We see a UDF as offering the potential to create the settings that are conducive for people to thrive and reach their potential. Fundamentally we are designing human habitat. This point cannot be made too strongly and it reflects the view that a good UDF identifies the interventions necessary to equip a place to better respond to the needs of the community that lives there. It is about creating a better fit between “people” and “place”.
For us this means looking at a place as a series of choices for its occupants, to live, work, play, learn, love, pray, bring up children and connect with each other and their surroundings. If urban design can be used as a tool to widen those choices and ensure they are relevant to the aspirations and values of the community in question, then we can justify our intervention and fulfil the potential of a UDF. To this end good urban design is design that makes the best use of the available resources in a way that is responsive to:
- the needs and aspirations of the people who occupy that development; and
- the particular circumstances of the environment within which the development is located.
The range of needs that urban design has a hand in meeting is varied, but includes:
- the need to feel safe;
- providing opportunities to interact with other people and avoid social exclusion;
- the need to conveniently access transport to get to jobs / shopping / education experiences if they are not available locally;
- the need to experience nature, to experience stimulating environments; and
- environments that do not discriminate against any potential users because of age, gender or personal mobility and do not require prohibitive investments of time or energy to enjoy.
Urban design has a role in resolving conflicts between land uses, and ensuring business activity and employment generation is not unnecessarily disadvantaged because of environmental factors. Of particular importance is the expressing of values and priorities of the community that occupies that environment.
Intrinsic values of site
Urban design also has a role in making sure that optimum use is made of the site’s intrinsic values so they can make the greatest contribution to the quality of life of those that experience them.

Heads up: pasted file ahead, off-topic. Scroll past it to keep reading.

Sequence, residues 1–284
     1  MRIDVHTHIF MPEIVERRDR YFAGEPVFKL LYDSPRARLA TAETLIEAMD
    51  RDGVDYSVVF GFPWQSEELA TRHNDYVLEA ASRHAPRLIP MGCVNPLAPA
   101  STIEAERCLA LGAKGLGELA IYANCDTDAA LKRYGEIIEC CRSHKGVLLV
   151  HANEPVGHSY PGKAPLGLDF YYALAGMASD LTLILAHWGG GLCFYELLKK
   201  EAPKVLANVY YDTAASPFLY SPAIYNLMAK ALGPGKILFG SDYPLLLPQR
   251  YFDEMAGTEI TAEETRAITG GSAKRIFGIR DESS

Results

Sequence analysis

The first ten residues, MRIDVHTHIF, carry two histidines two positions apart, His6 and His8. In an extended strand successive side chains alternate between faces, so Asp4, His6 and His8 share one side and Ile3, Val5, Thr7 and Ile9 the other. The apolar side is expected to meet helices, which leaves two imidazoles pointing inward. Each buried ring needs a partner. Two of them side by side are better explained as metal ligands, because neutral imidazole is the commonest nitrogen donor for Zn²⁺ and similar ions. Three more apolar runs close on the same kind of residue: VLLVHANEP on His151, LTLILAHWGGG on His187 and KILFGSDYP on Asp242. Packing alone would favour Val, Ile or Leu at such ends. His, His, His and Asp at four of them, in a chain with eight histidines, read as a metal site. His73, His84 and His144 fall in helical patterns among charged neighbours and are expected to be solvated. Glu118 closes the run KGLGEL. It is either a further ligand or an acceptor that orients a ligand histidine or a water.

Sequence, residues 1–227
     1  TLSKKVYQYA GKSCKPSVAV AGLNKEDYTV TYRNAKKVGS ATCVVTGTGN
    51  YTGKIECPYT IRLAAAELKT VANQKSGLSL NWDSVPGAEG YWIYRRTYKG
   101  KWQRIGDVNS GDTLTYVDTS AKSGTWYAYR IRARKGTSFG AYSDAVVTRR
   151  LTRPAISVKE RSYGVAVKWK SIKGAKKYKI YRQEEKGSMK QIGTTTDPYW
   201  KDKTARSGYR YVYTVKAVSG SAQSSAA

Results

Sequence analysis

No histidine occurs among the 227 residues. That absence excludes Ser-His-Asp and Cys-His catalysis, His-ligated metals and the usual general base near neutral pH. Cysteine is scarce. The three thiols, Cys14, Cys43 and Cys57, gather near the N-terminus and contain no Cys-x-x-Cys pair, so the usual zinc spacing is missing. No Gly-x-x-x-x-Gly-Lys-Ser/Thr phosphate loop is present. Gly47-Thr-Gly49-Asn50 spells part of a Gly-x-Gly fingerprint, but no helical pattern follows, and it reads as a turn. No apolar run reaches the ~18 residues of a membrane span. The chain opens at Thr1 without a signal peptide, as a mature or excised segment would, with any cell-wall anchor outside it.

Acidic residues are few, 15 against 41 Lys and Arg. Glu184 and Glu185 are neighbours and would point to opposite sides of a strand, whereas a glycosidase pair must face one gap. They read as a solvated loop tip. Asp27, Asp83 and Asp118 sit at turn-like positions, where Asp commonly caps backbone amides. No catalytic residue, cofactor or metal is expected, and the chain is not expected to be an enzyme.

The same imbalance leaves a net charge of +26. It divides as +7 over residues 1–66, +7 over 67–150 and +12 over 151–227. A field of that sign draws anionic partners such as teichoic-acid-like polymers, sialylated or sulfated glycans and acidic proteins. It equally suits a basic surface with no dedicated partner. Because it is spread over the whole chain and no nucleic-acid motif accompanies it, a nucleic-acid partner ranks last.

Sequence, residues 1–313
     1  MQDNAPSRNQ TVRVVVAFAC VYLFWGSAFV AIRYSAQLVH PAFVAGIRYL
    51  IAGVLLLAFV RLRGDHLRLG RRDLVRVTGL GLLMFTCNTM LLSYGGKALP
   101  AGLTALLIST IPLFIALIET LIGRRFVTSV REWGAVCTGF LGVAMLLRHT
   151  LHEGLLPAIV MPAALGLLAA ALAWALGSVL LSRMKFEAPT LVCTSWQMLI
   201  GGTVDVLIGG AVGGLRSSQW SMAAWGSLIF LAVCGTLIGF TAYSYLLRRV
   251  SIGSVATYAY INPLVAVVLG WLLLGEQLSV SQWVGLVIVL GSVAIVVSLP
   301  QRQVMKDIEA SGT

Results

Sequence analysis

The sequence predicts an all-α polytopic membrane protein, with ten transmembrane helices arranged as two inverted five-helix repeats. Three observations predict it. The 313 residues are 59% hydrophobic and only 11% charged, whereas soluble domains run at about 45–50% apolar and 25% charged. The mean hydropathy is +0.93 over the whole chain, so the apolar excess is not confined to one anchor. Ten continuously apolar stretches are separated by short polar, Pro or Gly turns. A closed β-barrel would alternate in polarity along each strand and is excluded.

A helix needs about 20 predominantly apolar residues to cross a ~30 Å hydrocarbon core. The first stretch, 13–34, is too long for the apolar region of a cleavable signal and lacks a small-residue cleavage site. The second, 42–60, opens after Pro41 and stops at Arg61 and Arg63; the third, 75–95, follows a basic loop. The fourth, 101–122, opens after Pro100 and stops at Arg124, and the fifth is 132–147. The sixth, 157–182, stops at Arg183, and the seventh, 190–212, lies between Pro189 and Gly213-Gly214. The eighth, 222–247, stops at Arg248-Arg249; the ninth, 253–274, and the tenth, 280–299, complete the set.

Meeting both of these objectives calls on design skills, humility, and an ability to listen and work collaboratively with the community in question. It involves recognition of all the different ways in which people can have a stake in an area and an ability to utilise the emotional capital with which people back up their stake in their community. A good urban design framework recognises this and builds in not just the time to provide for the social landscape and give it a value equal to the “objective” physical landscape/townscape, but it also takes the time to build a common vision with the people who live, work and experience that area. It is to this agenda that the designers’ skill should be applied to focus those skills to best effect.
The final observation I would like to make is that the preparation of such a UDF is effectively a contract between the Council/DSE, the consultants and the community.
As in any deal the commitment that the community make to participating (in terms of time and support) needs to be reflected in a commitment by the client agency to realise the proposal, otherwise momentum is dissipated and the final UDF becomes just a pretty document that gathers dust. Thus, the process adds to, rather than resolves, the community’s “planning participation fatigue”.